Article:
Nelba Márquez-Greene is a licensed marriage and family therapist who has spent her life helping others. In December 2012 she was the coordinator of a youth and adolescent outpatient psychiatric clinic and a university instructor supervising six clinical interns. But nothing in her professional training could have prepared her for what she, her family, and community would experience after her beautiful six-year-old daughter Ana Grace and twenty-five other children and teachers were murdered at Sandy Hook Elementary School in Newtown, Connecticut.
“I imagine our home was not that much different than many others . . . I was married to my high school sweetheart and the mother of two beautiful children. My husband, Jimmy, was working fifteen minutes from our house as a professor at a local university. We were both happy to be back in Connecticut and so close to New York City. On December 13th we went out to dinner to the Cheesecake Factory, which we never, ever, ever did during the week. After dinner, Jimmy took the kids home and I stayed at the mall to buy their Christmas gifts.
“And then everything changed.
“The next morning, Ana, our daughter and Isaiah’s sister, was executed while hiding in the tiny bathroom of her first grade classroom. Her teachers along with four other educators and 19 of her schoolmates were also murdered. My son physically survived the massacre. But he was in the building at the time of the shooting. He heard the shots that took his sister’s life. He remembers the screaming, the crying. He remembers his teacher’s survival instructions: Please be quiet and please be still.
“A reverse 911 call that Friday morning led to the beginning of a never ending nightmare. We waited for hours in that firehouse. First believing she was missing. Then understanding that she was probably hurt. And then to accept the probability that she was dead . . . We’d both come from large families and dreamed of having one of our own someday. And on that 14th of December of 2012, after hours of waiting in a firehouse, those dreams were shattered in one sentence: The shooter killed twenty children.”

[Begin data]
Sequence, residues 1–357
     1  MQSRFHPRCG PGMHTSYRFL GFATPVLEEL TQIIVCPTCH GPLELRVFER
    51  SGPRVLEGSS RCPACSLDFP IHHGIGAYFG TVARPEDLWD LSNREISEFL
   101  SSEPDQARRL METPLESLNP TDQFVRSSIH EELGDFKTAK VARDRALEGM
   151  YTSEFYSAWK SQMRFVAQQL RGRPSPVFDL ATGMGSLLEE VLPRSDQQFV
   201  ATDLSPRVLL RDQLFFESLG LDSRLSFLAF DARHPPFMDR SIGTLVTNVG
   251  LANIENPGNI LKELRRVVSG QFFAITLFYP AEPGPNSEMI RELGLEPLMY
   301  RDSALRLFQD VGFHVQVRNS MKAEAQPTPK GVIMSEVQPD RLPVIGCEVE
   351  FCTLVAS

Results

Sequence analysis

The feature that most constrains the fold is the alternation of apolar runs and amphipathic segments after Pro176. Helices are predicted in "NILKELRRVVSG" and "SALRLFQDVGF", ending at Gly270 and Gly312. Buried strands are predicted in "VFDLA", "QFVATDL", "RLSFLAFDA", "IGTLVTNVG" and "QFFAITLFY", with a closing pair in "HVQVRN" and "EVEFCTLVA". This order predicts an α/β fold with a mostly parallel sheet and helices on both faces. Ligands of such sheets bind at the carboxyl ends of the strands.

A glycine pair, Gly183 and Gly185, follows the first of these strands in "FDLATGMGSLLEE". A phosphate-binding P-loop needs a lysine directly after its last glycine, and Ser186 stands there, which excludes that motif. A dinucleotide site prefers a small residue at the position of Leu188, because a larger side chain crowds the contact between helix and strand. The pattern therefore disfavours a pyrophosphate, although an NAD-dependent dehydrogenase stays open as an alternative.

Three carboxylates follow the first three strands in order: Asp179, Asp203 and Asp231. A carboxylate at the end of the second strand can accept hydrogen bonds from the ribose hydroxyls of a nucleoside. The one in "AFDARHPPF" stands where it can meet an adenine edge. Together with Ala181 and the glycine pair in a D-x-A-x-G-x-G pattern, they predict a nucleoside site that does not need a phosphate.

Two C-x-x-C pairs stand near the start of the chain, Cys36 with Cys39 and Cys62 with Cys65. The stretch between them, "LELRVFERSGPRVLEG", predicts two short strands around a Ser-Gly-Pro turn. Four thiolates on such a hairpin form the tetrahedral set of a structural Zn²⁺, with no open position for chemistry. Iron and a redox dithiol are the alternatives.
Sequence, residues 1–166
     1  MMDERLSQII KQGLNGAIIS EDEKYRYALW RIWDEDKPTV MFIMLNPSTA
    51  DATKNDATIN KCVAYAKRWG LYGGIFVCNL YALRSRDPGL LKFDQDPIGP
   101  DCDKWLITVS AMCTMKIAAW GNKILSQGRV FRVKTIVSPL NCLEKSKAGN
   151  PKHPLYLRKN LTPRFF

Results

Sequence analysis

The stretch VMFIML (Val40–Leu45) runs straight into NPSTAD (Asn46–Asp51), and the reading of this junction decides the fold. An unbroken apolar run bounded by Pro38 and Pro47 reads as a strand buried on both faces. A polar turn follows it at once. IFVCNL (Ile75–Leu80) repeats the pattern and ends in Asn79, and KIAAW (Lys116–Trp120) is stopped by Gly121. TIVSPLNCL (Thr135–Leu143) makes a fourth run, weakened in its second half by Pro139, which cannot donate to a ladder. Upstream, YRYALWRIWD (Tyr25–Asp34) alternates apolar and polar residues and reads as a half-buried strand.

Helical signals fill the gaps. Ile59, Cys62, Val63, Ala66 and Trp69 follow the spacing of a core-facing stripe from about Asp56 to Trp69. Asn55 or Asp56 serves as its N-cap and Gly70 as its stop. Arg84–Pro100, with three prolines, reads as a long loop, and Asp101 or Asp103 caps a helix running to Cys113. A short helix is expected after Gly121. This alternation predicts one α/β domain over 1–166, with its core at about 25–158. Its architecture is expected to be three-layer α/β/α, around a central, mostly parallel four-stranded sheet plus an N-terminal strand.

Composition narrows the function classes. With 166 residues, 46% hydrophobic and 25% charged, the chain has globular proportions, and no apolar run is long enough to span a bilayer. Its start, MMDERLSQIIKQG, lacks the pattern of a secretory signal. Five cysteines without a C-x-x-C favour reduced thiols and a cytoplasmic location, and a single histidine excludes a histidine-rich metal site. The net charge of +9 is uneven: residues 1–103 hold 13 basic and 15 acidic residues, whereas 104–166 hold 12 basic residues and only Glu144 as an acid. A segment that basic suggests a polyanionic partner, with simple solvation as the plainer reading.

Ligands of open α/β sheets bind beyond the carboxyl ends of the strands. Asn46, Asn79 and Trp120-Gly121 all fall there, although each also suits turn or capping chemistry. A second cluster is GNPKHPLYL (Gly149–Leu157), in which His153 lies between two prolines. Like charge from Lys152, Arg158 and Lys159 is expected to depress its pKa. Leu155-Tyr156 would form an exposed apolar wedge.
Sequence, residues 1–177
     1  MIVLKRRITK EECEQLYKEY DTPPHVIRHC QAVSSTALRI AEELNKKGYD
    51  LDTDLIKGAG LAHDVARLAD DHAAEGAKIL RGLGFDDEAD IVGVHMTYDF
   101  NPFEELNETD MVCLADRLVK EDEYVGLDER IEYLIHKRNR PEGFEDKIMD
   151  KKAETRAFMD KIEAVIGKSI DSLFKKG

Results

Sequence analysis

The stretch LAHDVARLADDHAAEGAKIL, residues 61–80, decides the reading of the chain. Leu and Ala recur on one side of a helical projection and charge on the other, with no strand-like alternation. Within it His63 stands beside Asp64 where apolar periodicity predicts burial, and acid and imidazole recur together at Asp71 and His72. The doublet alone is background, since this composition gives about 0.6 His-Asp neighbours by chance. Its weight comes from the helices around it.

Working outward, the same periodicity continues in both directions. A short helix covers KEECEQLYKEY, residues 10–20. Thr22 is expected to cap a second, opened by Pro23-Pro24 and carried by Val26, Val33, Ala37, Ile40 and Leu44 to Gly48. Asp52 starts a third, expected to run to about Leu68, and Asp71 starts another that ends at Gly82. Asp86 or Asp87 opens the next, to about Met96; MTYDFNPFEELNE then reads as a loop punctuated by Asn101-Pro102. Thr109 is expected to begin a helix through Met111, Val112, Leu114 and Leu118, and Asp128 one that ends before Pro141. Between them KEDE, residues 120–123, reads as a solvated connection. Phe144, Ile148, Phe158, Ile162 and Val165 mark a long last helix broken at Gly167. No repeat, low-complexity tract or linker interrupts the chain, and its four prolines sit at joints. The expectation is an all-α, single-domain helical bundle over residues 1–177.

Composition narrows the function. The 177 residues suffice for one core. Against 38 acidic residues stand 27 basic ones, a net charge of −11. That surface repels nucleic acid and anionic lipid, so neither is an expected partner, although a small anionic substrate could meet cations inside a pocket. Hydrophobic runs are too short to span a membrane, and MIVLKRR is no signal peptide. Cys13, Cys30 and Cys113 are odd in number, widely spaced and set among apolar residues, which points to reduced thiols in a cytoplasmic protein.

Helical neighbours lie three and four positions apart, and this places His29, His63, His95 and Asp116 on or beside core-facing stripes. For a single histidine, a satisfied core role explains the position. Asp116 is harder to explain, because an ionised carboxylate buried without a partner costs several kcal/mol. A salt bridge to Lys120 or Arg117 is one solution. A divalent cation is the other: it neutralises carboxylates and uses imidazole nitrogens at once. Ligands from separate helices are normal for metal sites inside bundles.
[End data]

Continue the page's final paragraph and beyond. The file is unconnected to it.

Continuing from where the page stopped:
Nelba and her family are now the founders of the Ana Grace Project of Klingberg Family Centers, whose mission is to promote love, connection, and community for every child and family. They aim to use research, practical tools, professional development, and public policy to identify the best ways to build those connections and then use them to prevent violence and promote recovery. She and her husband Jimmy say they believe love and community are the antidotes for violence and are dedicated to creating real solutions to the kind of violence that took their daughter’s life—spurred on by their faith and belief that it is always best to ‘Overcome Evil with Good.’
As her family continues along their own “continuum from overwhelmed to overcoming,” Nelba has become even more determined to help other families, especially other children, facing trauma. As she told an audience at New York University in May: “Our son not only lost his sister but is a living witness of trauma. As devastating as this event is—we know he is not alone. According to the National Survey of Children’s Health, nearly fifty percent of America's school aged children (approximately 35 million) have lived at least one adverse childhood experience. Trauma, like cancer, is an equal opportunity predator. Race, socio-economic status, and ethnic composition offer few buffers from its potentially devastating consequences . . . According to the Center for the Developing Child at Harvard University, ‘the future of any society depends on its ability to foster the healthy development of the next generation.’ We are a society in grave danger. Ignoring the impact of trauma and not taking the steps to educate our citizens about its potentially devastating consequences should be criminal. It is a public health crisis—costing millions of dollars in medical care, taxing our schools, hospitals, jails and mental health clinics.”